BRIGHTON, Mass – While news broke this summer that Bruins longtime owner Jeremy Jacobs was handing ownership of the Original Six hockey club over to his six children, both Jacobs and his son Charlie Jacobs assured that there would be no change to the current power structure at the top of the B’s organization.

Jacobs will still remain the powerful Chairman of the NHL Board of Governors and Charlie will still be the principal ownership presence day-to-day in Boston while spending four days a week working at TD Garden. So it’s business as usual.

“I believe he had a vision long ago about trying to keep our family business just that, a family business, and continue with myself and my siblings in professional management roles,” said Charlie Jacobs. “This has been a journey; this has been a long time. I do have two siblings that work out of our corporate headquarters in Buffalo.

“I spend a day a week in Buffalo and have for many years. I work Mondays out of there, and I come and start my work week here on Tuesdays. But as for a decision-making process, most of our decisions are collaborative, unless of course our chairman has a thought. [Then] we do what he tells us to do.”

There may have been some speculation that Jacobs’ retirement from the NHL Board of Governors could be forthcoming given that he was signing things over to his kids. But the 79-year-old confirmed to NBC Sports Boston on Tuesday that he plans on continuing in his current role overseeing the league, and that “the business of hockey” is one of the things that provides him with great joy at this point in his life.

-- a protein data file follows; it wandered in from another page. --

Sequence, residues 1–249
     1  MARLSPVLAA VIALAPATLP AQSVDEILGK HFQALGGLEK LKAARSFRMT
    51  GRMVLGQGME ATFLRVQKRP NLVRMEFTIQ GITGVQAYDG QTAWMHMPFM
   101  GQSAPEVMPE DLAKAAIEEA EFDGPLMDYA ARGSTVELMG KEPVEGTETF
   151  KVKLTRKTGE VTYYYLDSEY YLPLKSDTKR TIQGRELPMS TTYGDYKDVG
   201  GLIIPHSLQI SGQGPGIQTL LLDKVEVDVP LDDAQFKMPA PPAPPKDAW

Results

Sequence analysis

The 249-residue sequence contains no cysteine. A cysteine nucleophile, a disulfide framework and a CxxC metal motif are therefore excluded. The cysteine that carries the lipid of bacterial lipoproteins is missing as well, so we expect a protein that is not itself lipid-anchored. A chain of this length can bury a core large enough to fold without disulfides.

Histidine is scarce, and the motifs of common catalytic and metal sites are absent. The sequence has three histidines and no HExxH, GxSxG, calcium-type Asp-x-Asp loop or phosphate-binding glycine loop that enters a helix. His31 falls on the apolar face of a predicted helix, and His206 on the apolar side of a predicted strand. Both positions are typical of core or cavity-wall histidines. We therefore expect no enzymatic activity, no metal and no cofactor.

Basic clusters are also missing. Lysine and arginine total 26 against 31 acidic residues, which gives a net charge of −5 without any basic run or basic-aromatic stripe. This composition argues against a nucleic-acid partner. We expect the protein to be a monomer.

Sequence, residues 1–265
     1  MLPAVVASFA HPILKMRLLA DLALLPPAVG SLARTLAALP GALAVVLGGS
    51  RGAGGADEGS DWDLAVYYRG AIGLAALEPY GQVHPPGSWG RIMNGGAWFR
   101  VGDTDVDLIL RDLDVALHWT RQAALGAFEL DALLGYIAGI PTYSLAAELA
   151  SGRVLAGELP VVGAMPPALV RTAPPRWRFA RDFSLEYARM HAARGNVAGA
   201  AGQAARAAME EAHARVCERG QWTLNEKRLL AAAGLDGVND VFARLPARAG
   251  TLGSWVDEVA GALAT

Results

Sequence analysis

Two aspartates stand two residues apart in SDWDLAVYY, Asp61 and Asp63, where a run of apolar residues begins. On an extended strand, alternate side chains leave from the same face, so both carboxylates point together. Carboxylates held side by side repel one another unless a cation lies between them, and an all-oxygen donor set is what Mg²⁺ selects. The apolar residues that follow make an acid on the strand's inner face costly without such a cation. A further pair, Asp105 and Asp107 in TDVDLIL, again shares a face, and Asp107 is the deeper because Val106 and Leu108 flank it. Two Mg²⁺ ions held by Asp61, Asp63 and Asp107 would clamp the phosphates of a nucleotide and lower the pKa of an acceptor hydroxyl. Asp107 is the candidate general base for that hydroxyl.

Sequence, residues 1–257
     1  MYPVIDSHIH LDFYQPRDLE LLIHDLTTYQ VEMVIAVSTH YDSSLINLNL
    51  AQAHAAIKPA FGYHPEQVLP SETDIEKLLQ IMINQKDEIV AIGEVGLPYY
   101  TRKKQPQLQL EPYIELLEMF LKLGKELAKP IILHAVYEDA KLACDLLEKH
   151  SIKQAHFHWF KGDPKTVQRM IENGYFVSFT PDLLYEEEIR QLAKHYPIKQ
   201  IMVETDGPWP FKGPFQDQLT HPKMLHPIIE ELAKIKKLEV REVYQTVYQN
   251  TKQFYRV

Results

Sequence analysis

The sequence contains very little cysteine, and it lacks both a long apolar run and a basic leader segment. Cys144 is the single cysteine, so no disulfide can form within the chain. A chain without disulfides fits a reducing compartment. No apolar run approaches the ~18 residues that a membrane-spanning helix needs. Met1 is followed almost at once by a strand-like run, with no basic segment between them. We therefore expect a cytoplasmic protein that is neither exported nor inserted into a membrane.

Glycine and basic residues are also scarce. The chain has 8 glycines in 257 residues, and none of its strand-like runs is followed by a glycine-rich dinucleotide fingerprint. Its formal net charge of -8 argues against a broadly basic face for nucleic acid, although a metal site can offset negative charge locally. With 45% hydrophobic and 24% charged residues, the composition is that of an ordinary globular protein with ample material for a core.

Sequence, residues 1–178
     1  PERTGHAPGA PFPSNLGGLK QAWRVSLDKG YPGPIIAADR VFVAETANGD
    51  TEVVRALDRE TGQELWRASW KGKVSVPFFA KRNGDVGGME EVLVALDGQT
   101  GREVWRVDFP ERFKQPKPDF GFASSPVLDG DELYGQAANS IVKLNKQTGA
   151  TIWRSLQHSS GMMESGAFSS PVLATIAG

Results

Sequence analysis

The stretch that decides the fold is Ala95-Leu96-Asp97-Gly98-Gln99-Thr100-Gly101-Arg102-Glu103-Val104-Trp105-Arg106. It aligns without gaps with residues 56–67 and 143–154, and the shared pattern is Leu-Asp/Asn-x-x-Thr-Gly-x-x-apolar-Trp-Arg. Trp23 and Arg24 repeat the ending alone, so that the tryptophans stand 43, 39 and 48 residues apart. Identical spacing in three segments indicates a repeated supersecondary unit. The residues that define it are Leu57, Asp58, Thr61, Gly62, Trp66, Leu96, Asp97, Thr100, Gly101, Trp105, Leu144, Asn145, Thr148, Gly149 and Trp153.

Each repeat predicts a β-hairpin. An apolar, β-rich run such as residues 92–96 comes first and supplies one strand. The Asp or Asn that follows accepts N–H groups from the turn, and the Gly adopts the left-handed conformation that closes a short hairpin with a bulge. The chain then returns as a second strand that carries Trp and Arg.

“It’s up to them more than me. I enjoy it. I enjoy the business of hockey and I’m happy to be involved where I can contribute,” said Jacobs, following his press conference with Bruins management at B’s media day. “At some point I’m getting to the age where a younger mind might serve them better, but it’s up to them to decide. I don’t see it as a lot of work or difficult for me. I still the interaction around it.

“I enjoy the game itself, of course, but I really enjoy the business of the game. I enjoy the interaction with [NHL] commissioner [Gary Bettman]. When we went through labor unrest it was great working with all of those people together. You’ve got to recognize that it’s a competitive league and you maintain those relationships on a competitive basis. That’s important. I like that about hockey and I like about the labor agreement that we’re all working with the same dollars.”

Long after he does retire, of course, Jacobs will be remembered as one of the hard-line owners that got the salary cap instituted following the loss of the 2004-05 NHL season, a move that has in part allowed for the overall health and well-being of the National Hockey League at this point. But there’s no reason to write those retirement stories quiet yet for Jacobs as it doesn’t sound he’s going anywhere else anytime soon.

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